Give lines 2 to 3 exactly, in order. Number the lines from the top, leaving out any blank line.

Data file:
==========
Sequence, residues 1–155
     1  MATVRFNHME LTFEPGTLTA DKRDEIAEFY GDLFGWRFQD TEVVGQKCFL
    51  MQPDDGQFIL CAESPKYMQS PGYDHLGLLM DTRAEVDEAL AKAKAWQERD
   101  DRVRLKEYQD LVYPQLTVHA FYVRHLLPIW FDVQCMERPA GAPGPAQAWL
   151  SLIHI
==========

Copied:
     1  MATVRFNHME LTFEPGTLTA DKRDEIAEFY GDLFGWRFQD TEVVGQKCFL
    51  MQPDDGQFIL CAESPKYMQS PGYDHLGLLM DTRAEVDEAL AKAKAWQERD